6)   Many prison inmates, especially those who've had to dig the grave(s) of executed inmates and help with their burials, have reverted back to much worse behavior and more aggression after being traumatized by witnessing such a horrible event.




    Death Penalty around the world

    An increase in executions by a small minority of countries that continue to buck international trends moving away from the death penalty meant that we recorded more executions in 2013 than for each of the previous four years.

    Sunday, 16 November 2014


    We live in a nuclear-capable world.  The United States, while being the only nation ever to use this awesome power, are not the only ones capable of causing destruction.  There are several reasons for and against nuclear arms and in this article we are going to look at reasons to build our nuclear stockpile.  While many of you may not agree with this, feel free to look over our sister post on

    Arguments for nuclear abolition

    The humanitarian case
    The abolition of nuclear weapons is an urgent humanitarian necessity. Any use of nuclear weapons would have catastrophic consequences. No effective humanitarian response would be possible, and the effects of radiation on human beings would cause suffering and death many years after the initial explosion. Eliminating nuclear weapons – via a comprehensive treaty – is the only guarantee against their use.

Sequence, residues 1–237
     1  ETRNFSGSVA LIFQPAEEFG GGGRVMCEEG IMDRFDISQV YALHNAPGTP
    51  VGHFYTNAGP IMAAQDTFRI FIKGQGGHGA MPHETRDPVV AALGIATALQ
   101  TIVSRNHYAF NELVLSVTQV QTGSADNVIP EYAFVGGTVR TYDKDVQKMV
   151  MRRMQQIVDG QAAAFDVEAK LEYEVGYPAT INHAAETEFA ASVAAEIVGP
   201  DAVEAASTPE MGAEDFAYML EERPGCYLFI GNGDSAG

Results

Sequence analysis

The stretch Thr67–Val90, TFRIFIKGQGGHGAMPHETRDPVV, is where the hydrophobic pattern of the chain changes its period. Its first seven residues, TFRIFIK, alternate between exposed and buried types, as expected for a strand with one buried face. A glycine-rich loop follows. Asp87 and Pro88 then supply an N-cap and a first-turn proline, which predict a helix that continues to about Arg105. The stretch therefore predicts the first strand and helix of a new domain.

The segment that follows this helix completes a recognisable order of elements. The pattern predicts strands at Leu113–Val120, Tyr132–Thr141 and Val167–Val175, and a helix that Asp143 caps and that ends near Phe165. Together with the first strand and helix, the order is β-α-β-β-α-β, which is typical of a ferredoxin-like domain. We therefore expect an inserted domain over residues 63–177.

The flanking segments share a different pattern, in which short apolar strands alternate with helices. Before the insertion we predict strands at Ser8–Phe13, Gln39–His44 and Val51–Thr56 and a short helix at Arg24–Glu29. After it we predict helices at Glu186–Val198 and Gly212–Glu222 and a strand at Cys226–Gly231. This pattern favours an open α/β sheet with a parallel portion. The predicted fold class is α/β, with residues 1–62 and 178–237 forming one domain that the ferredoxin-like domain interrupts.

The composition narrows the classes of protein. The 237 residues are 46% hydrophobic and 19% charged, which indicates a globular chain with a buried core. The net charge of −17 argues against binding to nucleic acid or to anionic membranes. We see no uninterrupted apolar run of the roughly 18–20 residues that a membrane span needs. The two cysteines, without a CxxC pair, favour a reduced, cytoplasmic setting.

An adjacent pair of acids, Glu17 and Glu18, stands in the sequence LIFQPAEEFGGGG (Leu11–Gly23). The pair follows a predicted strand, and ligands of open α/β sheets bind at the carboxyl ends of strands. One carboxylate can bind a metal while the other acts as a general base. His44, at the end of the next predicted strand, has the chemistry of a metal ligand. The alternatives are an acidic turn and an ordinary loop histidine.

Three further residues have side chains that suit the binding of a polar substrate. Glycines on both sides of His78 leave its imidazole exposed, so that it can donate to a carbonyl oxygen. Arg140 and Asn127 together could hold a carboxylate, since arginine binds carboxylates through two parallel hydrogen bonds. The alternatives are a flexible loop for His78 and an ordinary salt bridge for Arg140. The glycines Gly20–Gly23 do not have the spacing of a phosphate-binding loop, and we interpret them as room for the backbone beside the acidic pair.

Here is quote to prove my point

    “Nuclear weapons are unique in their destructive power, in the unspeakable human suffering they cause, in the impossibility of controlling their effects in space and time, and in the threat they pose to the environment, to future generations, and indeed to the survival of humanity.” – International Committee of the Red Cross, 2010

    Nuclear weapons made the world more peaceful?


    Arguments against nuclear abolition

    One of the reasons that we haven’t had World War Three is because of nuclear weapons are a deterrent.  Other countries know, whether they have nuclear weapons or not, that a country armed with these metallic cylinders of death can really hit back hard.  No one is willing to lose land and resources, so they are less than eager to jump into a fight.  Because of the terrible destruction brought on by a nuclear war, the major powers are weary of engaging in warfare with any but the most defenceless of nations.  Additionally, with nuclear weapons and treaties between nations, it stops the powers from waging war with just anyone, since there is always the possibilities of

    Look at both sides of the argument. Think about them.